Digital inclusion for survivors of modern slavery

Funded by the AHRC Modern Slavery and Human Rights Policy and Evidence Centre (MSPEC), this project was led by Professor Simeon Yates and conducted in partnership with International Organization for Migration (IOM) and Trafficking Awareness Raising Alliance (TARA). This study explored the ways in which survivors of modern slavery use digital technologies to receive support and reintegrate into UK society.

The aims of this study were:

  • To identify what day-to-day challenges and best practices look like in the context of how civil society organisations support survivors of modern slavery both online and offline.
  • To explore how to best support organisations’ day-to-day work both within and outside of the National Referral Mechanism (i.e., the framework used in the UK to identify and support survivors of modern slavery).
  • To shed light on the experiences of those affected by modern slavery in ways that relate to their use of digital technologies and account for wider and systemic issues of digital inequalities.
  • To provide recommendations for policymakers, organisations and researchers working in this area.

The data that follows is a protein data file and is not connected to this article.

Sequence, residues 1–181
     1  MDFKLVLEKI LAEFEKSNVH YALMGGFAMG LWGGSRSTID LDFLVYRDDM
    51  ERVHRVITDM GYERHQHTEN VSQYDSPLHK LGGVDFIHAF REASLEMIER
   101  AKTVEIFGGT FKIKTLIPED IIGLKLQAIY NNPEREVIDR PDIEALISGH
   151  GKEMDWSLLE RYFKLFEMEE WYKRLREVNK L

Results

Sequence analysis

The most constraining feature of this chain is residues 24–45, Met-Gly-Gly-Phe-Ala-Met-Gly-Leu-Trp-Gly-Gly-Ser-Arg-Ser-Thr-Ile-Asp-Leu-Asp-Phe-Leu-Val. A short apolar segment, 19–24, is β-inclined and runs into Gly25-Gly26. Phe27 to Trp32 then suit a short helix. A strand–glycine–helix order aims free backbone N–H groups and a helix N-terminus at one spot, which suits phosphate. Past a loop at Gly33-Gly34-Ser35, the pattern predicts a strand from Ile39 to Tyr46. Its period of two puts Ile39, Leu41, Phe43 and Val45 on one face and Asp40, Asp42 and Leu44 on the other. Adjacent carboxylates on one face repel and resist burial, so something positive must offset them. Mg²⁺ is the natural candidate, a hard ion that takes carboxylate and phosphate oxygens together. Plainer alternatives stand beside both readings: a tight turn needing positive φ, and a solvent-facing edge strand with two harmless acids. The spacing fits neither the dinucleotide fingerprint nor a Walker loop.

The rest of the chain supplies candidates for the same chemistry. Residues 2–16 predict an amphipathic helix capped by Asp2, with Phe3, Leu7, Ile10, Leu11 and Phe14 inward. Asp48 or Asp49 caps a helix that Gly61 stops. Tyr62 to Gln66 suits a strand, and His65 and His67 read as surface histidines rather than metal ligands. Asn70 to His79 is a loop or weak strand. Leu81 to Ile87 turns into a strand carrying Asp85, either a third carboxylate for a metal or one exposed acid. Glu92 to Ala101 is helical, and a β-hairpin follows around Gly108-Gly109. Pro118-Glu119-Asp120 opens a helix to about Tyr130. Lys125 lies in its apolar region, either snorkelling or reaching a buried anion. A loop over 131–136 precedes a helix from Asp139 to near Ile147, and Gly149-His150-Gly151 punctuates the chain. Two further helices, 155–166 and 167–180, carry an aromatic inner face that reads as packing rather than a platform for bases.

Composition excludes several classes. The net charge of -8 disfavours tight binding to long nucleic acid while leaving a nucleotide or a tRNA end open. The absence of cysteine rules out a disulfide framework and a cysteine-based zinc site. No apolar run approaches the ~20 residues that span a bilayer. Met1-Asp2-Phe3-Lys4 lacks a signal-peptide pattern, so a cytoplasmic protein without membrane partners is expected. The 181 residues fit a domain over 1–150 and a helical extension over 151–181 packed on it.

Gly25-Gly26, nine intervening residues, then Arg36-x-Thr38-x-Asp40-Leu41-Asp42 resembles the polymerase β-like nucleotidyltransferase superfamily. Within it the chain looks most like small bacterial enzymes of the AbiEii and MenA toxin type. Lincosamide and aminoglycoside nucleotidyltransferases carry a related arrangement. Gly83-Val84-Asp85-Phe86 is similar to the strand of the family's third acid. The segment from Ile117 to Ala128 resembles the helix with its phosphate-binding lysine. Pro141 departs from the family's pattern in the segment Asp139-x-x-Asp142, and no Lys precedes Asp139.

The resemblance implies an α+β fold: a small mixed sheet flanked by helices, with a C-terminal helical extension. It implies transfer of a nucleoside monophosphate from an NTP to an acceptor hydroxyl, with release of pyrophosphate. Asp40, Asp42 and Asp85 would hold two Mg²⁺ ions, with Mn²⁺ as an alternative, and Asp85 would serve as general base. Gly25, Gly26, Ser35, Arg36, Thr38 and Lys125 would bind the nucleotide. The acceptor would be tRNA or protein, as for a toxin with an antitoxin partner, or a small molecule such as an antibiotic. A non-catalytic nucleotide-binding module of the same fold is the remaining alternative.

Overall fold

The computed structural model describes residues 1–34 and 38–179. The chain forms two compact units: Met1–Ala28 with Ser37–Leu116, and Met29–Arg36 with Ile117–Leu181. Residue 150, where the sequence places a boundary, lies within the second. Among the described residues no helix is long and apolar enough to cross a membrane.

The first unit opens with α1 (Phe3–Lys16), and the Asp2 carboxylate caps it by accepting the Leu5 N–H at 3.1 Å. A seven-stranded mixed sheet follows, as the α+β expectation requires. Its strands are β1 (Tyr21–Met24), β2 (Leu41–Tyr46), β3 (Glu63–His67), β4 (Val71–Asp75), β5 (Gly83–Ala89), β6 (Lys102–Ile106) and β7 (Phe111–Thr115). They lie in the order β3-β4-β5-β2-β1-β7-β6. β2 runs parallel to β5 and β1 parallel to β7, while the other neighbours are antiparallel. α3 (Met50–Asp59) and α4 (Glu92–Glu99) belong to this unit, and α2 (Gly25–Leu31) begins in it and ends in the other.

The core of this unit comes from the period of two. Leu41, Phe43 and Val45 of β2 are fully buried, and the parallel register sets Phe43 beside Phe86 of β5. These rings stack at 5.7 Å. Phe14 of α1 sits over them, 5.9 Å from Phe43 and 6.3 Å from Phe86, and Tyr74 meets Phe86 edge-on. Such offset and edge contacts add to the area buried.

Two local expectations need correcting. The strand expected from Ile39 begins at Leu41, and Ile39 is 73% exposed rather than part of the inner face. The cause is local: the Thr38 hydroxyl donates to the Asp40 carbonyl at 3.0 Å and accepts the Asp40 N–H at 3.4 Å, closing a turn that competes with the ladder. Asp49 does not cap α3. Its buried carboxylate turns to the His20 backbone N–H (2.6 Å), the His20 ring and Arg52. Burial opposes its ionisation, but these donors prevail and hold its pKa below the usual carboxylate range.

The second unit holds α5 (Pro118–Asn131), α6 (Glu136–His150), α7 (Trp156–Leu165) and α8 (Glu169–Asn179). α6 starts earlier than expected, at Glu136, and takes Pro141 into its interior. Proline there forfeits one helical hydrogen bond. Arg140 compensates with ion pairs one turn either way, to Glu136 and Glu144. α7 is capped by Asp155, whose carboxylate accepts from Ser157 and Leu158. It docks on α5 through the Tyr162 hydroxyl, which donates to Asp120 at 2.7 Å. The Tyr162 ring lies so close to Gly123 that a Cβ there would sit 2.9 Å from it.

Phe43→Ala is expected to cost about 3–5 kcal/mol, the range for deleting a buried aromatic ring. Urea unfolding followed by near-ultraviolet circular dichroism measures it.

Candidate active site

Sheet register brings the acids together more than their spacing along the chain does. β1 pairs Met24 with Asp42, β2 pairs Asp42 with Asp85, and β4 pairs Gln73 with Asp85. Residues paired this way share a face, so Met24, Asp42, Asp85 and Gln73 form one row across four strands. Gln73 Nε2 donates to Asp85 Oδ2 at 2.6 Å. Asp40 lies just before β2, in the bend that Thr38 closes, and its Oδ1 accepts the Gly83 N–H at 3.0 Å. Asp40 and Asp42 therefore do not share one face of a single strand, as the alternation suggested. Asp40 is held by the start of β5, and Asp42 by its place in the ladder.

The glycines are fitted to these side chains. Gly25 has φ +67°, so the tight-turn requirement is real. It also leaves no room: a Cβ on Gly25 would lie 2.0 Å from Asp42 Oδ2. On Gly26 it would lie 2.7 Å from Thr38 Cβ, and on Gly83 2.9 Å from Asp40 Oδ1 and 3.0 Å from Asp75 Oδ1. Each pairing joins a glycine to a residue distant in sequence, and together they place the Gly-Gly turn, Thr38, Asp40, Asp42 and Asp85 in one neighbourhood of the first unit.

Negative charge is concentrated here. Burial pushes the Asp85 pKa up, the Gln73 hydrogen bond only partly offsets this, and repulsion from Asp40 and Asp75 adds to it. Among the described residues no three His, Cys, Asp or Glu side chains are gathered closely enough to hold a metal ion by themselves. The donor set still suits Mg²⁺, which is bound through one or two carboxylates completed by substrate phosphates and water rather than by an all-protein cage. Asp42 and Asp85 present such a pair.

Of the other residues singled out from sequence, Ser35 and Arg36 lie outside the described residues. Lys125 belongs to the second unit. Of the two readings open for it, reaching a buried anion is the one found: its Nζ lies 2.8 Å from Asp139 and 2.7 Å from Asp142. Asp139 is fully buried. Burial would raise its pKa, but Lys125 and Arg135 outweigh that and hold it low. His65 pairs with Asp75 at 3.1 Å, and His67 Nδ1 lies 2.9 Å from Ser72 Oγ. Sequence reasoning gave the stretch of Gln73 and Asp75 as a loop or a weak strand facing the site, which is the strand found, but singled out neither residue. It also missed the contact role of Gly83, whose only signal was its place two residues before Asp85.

A summary of our main findings and recommendations

Adults with lived experience of modern slavery must be provided with digital technology to assist in their recovery and reintegration into society. As a result of the shift to digital since COVID-19, those affected by modern slavery now have access to a wider range of online services.

Survivors highly value the benefits that come with using digital devices and the internet and use these for a number of everyday activities, including booking medical appointments, studying English, seeking job opportunities, and communicating with family and friends, among others.

Unfortunately, the provision of digital technology (from smartphone and tablets to laptops) and the funding required by organisations for such provision is both limited and inconsistent, as is the monitoring of the support given to survivors across the different organisations that operate in this area.

Furthermore, the digital training offered to survivors is generally ad-hoc and, while balance is needed between individualised, tailor-made support and formal training, opportunities for developing the digital skills and knowledge of survivors remain limited. Consequently, more is needed to equip survivors with an awareness of the risks that come with using the internet and how to stay safe online.

We recommend that the UK Government allocates increased funding to support the provision of digital technology and data by organisations to survivors as well as opportunities for digital training. A minimum digital requirement for survivors would consist of at least one smartphone, one laptop and a data package for survivors. Moreover, we recommend organisations explore the use of a centralised online portal so survivors can monitor their own reintegration journey.

Read the full report summary here.

Read the full 'Evaluating the Provision of Distributed Technology to Adults with Lived Experience of Modern Slavery' report here.

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